CO-OP CITY, the Bronx (PIX11) — It’s a 3-K through eighth grade school that’s educated a whole generation of students. That history will come to a close this week, unless the school’s landlord has a change of heart, after it got the school evicted, with 72 hours’ notice.
The situation, which is the result of a longstanding rent dispute, has left families at the Marcus Garvey School angry and scrambling. It’s also left students saddened.
Maya Rudolph is in pre-K at the Garvey School. If anyone thought that a 4-year-old was unaware of serious issues surrounding her, they’d be sorely mistaken.
When asked an unrelated question, Maya made clear that her mind was on the matter at hand for the whole community.
“Please don’t close my school,” she said.
With each passing hour, it appears that her request may not be satisfied.
The eviction order requires the school to leave its premises at 950 Baychester Ave. by Thursday. So on Wednesday morning, teachers were removing displays, and carting off their supplies from the building. Anything left behind would end up being locked behind the school’s doors.
Parents told PIX11 News that shuttering the school will eliminate a cultural and family resource.
“Right now, I don’t know,” said parent Talita Rudolph, about prospects for her and her two children at the school. “We don’t family nearby, we don’t have much help. It’s my husband and I with our children. So what do you do?”
Other parents, like Nicole McIntosh, said that a closure will affect the children even more strongly than parents.
“To displace 3-year-olds at a moment’s notice,” McIntosh said, was unfair to them. “How could you toss them in the middle of the school year? How is that American?”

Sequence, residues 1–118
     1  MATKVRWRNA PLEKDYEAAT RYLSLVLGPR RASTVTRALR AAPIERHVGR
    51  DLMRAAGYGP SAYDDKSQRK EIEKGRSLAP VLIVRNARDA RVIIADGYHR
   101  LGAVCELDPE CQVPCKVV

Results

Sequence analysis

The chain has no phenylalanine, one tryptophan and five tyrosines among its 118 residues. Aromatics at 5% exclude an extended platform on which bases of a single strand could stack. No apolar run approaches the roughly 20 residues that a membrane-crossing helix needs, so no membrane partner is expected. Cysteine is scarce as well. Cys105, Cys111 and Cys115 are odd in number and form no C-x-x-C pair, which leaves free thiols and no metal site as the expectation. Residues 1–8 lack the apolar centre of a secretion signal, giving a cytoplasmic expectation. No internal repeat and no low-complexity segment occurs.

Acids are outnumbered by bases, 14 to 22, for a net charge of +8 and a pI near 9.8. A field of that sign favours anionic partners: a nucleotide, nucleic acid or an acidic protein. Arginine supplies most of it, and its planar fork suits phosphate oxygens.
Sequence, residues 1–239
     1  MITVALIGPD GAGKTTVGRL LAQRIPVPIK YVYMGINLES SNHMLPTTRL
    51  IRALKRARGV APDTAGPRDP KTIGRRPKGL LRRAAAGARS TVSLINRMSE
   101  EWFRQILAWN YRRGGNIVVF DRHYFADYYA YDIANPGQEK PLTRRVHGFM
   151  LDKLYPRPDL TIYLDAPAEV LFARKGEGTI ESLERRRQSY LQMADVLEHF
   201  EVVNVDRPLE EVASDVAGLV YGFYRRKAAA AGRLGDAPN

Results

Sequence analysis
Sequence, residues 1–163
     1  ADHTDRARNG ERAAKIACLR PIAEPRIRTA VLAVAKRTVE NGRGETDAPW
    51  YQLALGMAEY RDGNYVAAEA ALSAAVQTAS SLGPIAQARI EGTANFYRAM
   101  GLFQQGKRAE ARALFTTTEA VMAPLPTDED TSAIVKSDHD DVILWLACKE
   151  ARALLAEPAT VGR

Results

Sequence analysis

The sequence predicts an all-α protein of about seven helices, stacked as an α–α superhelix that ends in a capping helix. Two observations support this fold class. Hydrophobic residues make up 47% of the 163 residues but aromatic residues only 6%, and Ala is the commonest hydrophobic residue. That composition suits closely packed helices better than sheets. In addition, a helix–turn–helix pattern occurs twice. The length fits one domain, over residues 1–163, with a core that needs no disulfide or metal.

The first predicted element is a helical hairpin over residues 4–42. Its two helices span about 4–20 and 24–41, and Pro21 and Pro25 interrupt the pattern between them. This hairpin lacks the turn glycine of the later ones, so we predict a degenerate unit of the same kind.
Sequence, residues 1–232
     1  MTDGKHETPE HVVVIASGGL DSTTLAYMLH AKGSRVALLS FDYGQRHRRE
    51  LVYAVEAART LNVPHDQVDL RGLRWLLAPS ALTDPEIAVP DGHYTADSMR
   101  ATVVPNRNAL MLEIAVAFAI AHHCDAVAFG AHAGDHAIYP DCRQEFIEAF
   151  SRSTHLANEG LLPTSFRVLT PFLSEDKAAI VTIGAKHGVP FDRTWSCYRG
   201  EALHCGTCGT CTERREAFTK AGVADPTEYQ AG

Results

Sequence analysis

The private school that offers a city-funded 3-K program has had an ongoing rental dispute for years with its landlord, the Riverbay Corporation.
The dispute has involved unpaid rent at another facility, two blocks away from the school, into which the Garvey School had hoped to expand before the pandemic began.
In the court case between the school and its landlord, the school said that it had offered to pay its back rent.
Landlord Riverbay turned down the offer, and subsequently, the judge in the case sided with them. Now, the only thing keeping the school in operation is a willingness by Riverbay to grant a last-minute reprieve.
The Garvey School’s principal and founder, June O’Connor, appealed to Riverbay for the reprieve.
“Allow us to finish the year,” she said, in an interview with PIX11. “All of those logistics are already in place. To disrupt us at this time is untold horror.”
PIX11 News reached out to Riverbay multiple times. It did not answer its phones, and its attorney, Jeffrey Buss, did not respond to an email and phone call requesting a response.
For now, the Garvey School is on course to closing its doors on Thursday.